Applicability of a Bayesian state-space model for evaluating the effects of localized culling on subsequent density changes: sika deer as a case study
European Journal of Wildlife Research, 2017, 63(4): 71.
At the landscape scale, localised culling is often conducted to achieve various deer management aims. However, few studies have assessed the effects of localised culling on deer population dynamics, owing to the spatially and temporally insufficient datasets of deer abundance that are derived from limited survey efforts. In this study, we estimated the population dynamics of a sika deer (Cervus nippon) population in the Tanzawa Mountains, central Japan, by Bayesian state-space modelling using spatiotemporally insufficient abundance indices and evaluated the effects of unit-specific culls on subsequent density changes in 56 units. The responses of deer density to unit-specific culls differed greatly among units, and a very weak correlation was observed between the intensities of unit-specific culls and the reduction in density. Deer populations in some units tended to resist density decreases despite high culling pressure, whereas those in other units were susceptible to density decreases with little to no culling pressure. Because the spatial scales of each unit were relatively small, annual density changes in each unit were largely influenced by deer movement in this estimation. The obscured effects of unit-specific culls, which were probably derived from deer movement among units in this case study, re-emphasized that deer migration should be incorporated into the planning of localised culling and that deer management should be coordinated over a wide area beyond landscape components and landownerships. Thus, we conclude that Bayesian state-space modelling is valuable for practical deer management programs at a large spatial scale even if different abundance indices are used.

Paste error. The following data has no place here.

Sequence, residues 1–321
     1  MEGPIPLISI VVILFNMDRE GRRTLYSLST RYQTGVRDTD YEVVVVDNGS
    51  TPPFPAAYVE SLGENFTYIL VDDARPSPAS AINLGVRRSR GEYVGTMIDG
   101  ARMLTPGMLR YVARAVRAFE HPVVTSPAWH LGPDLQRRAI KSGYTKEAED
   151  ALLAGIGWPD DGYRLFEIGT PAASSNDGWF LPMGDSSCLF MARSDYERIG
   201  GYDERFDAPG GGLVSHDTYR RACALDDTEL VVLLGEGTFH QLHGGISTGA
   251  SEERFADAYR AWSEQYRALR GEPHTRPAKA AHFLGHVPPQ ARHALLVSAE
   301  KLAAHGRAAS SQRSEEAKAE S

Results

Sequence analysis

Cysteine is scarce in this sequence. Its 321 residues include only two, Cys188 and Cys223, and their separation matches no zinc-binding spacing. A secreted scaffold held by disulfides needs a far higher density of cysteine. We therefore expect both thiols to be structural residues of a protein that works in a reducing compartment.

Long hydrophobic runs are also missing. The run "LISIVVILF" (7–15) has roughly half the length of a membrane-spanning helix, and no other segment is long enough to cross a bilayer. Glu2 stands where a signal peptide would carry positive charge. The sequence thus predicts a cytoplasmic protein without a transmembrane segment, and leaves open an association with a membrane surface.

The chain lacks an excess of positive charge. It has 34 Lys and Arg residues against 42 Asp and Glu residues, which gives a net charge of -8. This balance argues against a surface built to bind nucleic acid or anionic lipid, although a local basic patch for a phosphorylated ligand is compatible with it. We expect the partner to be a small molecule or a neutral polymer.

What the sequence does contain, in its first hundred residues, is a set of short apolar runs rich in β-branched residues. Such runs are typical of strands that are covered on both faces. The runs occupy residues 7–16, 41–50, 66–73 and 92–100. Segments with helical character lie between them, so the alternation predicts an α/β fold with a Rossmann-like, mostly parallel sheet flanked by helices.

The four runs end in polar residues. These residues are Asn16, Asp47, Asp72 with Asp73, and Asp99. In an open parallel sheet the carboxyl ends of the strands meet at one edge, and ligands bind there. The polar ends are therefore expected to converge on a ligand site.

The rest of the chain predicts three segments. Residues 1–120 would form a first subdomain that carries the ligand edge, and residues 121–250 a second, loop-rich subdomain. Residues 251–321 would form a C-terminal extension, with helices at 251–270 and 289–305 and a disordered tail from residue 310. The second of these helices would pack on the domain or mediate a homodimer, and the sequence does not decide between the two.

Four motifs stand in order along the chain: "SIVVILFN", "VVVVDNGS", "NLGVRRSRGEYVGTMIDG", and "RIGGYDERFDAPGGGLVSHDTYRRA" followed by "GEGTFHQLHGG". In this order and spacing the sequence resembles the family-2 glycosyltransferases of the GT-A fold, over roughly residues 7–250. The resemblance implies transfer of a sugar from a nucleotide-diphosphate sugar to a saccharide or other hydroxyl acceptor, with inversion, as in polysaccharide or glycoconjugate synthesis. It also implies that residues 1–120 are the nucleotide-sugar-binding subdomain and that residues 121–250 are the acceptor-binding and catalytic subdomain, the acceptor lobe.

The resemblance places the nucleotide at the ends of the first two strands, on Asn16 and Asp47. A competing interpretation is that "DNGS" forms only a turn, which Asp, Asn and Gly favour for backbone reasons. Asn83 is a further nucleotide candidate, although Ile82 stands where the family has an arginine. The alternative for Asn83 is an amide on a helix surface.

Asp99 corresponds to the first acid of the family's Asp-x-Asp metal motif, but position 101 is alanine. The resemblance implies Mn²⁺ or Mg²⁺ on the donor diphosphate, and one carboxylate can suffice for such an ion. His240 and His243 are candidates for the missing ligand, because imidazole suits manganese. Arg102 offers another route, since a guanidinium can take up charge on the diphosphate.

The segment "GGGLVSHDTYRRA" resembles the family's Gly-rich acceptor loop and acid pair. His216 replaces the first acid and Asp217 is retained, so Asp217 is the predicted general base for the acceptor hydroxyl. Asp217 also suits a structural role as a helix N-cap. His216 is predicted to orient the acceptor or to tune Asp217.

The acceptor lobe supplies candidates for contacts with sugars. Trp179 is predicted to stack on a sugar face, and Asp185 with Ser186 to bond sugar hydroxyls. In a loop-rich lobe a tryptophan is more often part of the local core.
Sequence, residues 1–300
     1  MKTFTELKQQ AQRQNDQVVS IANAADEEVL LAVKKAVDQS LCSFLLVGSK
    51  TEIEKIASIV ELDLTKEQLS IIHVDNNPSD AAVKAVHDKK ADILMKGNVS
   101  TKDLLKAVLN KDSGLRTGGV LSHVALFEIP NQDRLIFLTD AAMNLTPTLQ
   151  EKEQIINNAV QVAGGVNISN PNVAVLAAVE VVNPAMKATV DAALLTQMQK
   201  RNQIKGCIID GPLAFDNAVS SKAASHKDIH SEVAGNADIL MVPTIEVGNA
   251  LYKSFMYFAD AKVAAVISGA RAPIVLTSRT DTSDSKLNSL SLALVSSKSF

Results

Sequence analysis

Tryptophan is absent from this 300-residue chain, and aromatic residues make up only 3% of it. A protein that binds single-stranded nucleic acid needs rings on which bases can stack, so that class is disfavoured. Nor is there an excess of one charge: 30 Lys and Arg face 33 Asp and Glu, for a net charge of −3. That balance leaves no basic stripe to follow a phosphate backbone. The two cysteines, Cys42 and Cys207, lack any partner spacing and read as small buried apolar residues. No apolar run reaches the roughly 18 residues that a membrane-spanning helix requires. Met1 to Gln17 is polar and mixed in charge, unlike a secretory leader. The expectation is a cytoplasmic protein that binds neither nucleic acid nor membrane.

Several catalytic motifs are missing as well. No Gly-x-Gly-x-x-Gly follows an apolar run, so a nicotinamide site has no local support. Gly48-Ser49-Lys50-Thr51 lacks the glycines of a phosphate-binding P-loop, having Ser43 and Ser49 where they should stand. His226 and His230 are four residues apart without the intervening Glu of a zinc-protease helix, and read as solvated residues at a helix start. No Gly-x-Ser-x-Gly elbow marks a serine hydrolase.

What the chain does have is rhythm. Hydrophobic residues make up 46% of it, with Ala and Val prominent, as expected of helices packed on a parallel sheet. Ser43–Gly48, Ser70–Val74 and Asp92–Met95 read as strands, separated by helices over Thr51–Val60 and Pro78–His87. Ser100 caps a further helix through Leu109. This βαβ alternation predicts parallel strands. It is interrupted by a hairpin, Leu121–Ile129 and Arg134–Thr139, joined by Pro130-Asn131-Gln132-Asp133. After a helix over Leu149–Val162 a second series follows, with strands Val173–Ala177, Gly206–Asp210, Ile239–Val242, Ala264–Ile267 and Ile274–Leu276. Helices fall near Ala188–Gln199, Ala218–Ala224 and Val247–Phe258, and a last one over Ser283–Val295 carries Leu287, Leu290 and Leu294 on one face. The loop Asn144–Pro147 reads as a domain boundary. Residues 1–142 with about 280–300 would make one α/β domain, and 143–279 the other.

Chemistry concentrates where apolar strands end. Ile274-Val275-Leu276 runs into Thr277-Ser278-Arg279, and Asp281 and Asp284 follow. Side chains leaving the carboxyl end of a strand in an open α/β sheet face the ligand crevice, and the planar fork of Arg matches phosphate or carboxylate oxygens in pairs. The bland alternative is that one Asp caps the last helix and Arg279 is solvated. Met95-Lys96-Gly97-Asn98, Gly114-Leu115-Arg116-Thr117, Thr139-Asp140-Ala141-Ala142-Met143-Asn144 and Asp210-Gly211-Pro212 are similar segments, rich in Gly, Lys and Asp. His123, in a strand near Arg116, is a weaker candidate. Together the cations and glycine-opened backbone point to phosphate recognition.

Integrated population model; Landscape-scale management; Management unit; Migration; Spatial population structure; Tanzawa Mountains